Thursday November 8, 2001 Homily by Fr. Robert Altier Thirty-first Week in Ordinary Time

Reading (Romans 14:7-12) Gospel (St. Luke 15:1-10)


Our Lord, in the Gospel reading today, points out to us the necessity of prayer for sinners, of being able to pray for the conversion of those who are away from the Lord. The people condemned the Lord because He welcomed sinners and He ate with them. Yet, it is the Lord Himself who gives us these parables about the rejoicing over one repentant sinner. If that is the case, then we recognize the necessity on our part to pray for these people who may be away from the Lord.

In our day and age, it is very easy to fall into this exact same thing. Of course, Saint Paul says, "You, who are you to judge your neighbor? Who are you to look down on your brother?" But it is very easy for us to fall into that because the distinction between those who are going to live their faith and those who are not is becoming more and more clear all the time. Yet, at the same time, it is not for us to judge. What we need to do is to pray because there are many people who simply do not even know their faith. Consequently, they cannot live it. Even those within the Church, oftentimes, have not been taught. There are many people who think that they are being good Catholics because they have no clue what the Church really teaches. They have never been taught what the Church teaches and they have been led astray by many different voices. The Lord is very interested in those individuals, willing to leave the ninety-nine, as He says in the Gospel reading, and go after the one that is lost.

You never know where the Lord will use us. It does not mean that we necessarily have to be hanging around with such people. As it is pointed out oftentimes: It is easier to pull somebody down than it is to pull somebody up. If you are trying to live a good life and you start hanging around with people who are steeped in a bad way of life, you are probably going to get dragged into it. But it may be that the Lord will put a person in your path, and you are there to be able to give that person a little direction, a little help, to point something out. Rather than turning your back or shunning the individual, you can, perhaps, say a word that is going to help the person. It does not mean you have to be hanging around with them, but it means that, in charity, you want to give them a little bit of guidance. Show them the way to the Lord; be a good example to them. Help them to be able to learn the Truth and to live it. That is the point that we have to be about.

All of us, as Saint Paul says, are going to have to stand before the judgment throne of God and give an account of ourselves. So as we sit around judging others, we realize that we are not going to have to account for them; we will have to account for ourselves. But part of what we will have to account for is our judgmentalism, so we need to be very careful. If we see people doing things that are wrong, first of all, we need to pray for them; secondly, if we are prone to judge, all we need to do is ask ourselves: "How often do I have to go to Confession? I must be a sinner too. And while that person's weaknesses are pretty evident, maybe mine are for some people as well." Regardless of whether they are or not, we do know that we are all sinners so it is just a question of what it is that we are doing: how we are sinning. Maybe our sins are different but they are sins, nonetheless.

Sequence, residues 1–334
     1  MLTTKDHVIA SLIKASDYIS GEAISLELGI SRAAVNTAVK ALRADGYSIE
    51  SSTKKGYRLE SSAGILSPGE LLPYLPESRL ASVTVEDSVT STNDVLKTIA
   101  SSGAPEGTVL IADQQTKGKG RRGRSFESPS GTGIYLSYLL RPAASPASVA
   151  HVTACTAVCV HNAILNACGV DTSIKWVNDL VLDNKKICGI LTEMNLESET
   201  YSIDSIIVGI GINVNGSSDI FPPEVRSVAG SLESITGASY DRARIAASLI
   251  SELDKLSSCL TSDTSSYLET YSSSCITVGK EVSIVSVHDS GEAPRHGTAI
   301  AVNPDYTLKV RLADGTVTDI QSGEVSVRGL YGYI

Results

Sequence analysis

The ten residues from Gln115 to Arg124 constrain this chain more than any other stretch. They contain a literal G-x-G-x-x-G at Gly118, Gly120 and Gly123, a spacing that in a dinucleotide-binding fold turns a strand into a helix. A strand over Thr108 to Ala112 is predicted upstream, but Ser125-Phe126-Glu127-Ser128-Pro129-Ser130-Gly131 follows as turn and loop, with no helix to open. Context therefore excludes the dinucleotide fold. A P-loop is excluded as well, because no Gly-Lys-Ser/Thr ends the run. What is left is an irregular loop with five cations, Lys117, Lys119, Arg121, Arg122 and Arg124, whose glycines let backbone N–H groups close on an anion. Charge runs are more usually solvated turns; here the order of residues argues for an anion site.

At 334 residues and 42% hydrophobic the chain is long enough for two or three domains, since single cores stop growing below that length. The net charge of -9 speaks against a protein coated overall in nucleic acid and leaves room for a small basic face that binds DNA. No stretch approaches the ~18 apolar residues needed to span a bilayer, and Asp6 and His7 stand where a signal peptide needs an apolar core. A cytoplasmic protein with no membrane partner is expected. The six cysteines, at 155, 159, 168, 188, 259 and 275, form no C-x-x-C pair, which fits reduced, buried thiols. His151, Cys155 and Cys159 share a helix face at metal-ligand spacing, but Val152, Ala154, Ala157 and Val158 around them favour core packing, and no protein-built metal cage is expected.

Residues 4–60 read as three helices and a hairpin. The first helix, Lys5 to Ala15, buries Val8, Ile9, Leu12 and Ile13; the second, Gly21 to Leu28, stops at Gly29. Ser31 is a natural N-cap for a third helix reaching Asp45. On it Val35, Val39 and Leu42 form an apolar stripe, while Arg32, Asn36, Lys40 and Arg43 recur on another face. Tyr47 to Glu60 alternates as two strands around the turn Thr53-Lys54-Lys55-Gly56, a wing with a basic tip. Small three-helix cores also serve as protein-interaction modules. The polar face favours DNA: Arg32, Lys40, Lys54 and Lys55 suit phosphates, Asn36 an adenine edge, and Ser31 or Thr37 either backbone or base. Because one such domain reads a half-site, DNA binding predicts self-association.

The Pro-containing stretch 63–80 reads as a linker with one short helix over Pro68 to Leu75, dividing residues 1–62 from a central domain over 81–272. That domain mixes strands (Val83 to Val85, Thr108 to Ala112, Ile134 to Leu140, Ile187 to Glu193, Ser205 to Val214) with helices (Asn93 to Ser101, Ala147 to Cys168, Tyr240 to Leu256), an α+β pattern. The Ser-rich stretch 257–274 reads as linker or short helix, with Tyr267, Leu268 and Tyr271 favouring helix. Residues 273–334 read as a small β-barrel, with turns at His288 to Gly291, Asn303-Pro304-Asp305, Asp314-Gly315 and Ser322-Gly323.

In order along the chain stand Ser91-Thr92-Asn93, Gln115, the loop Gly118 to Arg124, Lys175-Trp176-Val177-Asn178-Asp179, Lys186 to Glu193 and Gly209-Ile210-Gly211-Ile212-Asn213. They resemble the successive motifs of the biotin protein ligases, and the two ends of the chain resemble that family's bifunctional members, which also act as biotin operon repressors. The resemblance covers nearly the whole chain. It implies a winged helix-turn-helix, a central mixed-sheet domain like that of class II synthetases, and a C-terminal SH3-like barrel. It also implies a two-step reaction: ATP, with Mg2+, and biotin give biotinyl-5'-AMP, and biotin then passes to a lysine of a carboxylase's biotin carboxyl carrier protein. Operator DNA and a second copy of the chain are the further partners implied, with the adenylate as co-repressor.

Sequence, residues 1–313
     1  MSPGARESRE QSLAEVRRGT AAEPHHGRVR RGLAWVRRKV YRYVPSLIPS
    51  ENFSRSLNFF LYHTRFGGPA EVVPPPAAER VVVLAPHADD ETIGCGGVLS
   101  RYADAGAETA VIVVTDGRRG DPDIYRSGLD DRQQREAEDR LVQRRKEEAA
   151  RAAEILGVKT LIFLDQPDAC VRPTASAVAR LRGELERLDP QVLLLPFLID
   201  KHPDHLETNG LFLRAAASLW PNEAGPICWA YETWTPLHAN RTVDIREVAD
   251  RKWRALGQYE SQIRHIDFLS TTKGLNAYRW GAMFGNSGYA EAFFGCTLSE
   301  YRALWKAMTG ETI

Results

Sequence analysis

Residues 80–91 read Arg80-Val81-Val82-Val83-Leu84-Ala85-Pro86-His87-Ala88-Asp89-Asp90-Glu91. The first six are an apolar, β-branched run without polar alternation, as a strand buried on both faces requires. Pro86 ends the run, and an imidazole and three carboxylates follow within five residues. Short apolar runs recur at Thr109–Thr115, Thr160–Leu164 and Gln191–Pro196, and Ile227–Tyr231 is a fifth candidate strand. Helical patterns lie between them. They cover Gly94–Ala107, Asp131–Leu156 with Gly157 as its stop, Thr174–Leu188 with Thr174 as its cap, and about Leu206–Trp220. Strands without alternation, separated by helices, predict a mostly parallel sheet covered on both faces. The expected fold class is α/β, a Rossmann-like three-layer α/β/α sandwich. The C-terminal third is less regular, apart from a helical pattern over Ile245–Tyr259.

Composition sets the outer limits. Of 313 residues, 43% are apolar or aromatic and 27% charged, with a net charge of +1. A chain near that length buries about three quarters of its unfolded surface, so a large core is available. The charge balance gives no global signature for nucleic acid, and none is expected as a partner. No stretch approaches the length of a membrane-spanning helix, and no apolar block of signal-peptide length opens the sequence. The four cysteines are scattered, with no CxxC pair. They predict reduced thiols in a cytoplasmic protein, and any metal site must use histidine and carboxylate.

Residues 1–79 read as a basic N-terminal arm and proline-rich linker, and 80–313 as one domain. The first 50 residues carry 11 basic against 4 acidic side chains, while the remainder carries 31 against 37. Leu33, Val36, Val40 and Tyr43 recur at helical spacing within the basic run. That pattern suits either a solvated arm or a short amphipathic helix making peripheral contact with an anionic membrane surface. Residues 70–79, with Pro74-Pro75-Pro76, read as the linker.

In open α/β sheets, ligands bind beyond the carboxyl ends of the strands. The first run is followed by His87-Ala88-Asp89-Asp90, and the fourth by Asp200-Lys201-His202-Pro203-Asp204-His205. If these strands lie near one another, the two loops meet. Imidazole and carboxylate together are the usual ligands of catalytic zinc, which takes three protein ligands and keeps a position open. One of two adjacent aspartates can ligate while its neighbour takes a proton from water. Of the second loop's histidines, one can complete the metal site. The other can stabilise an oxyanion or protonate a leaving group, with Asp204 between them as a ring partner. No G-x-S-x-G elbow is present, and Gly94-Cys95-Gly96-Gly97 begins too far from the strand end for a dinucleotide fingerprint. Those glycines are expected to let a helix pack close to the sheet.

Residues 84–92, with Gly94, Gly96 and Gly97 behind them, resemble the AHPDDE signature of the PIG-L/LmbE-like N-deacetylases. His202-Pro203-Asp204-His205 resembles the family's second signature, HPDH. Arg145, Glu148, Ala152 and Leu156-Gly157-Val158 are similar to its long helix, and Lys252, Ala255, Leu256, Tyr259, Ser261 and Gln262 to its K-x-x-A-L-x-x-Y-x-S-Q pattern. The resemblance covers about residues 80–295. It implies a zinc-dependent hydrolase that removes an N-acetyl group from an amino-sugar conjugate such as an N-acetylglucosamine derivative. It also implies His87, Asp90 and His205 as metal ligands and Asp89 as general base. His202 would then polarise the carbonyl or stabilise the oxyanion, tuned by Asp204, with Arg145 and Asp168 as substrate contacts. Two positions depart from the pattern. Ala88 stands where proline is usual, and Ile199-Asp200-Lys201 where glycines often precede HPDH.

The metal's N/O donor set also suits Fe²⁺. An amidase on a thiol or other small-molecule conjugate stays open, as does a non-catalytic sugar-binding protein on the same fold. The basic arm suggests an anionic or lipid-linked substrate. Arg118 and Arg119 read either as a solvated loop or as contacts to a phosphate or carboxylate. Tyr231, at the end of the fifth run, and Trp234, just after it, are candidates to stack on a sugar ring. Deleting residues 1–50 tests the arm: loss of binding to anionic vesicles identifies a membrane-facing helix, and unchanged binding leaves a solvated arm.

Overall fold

We cannot stand in judgment upon other people. What we need to do is pray for God's mercy - for ourselves, as well as for others. If they are dead in sin, then we need to pray for them that they will come back to life, that they will get to Confession, that they will know the mercy of God, that they will repent of their sins. That is the Christian response. Rather than simply writing somebody off, we need to pray. It is a balance. It is not necessarily saying, "Well, I have to go and hang out with these people. I need to become like them to convert them." Chances are that is not going to happen. At the same time, we do not want to go to the other extreme and just ignore them and write them off and do nothing for them. The balance in the middle, for a Christian person, is the love of neighbor; it is to pray for them and to be there because if they decide that they want to repent they may need somebody to help them, somebody to help shoulder their burdens, somebody to give them the direction and guidance they need. If you shun them completely they are certainly not going to look to you for that guidance.

So treat people with charity. Do not stand in judgment, because we do not know what their situation is. We can judge their actions, but we cannot judge the person because we do not know why the person is doing what they are doing. Pray for them - that is what is most important. Then pray for yourself too because, otherwise, it is very easy to get haughty and think: "Here I am praying for all these people and I've got it made." That is where we are going to fall. We need to remember that we are sinners first and the Lord died for us and He died for others. Our task is to pray for them and to help them that they, too, will come to Jesus Christ and they will be prepared so that on the Day of Judgment they will be able to give an accounting of their life. And, on that Day of Judgment, hopefully we will have helped them so that the accounting of their life will be more positive and, thereby, will achieve mercy.

* This text was transcribed from the audio recording of a homily by Father Robert Altier with minimal editing.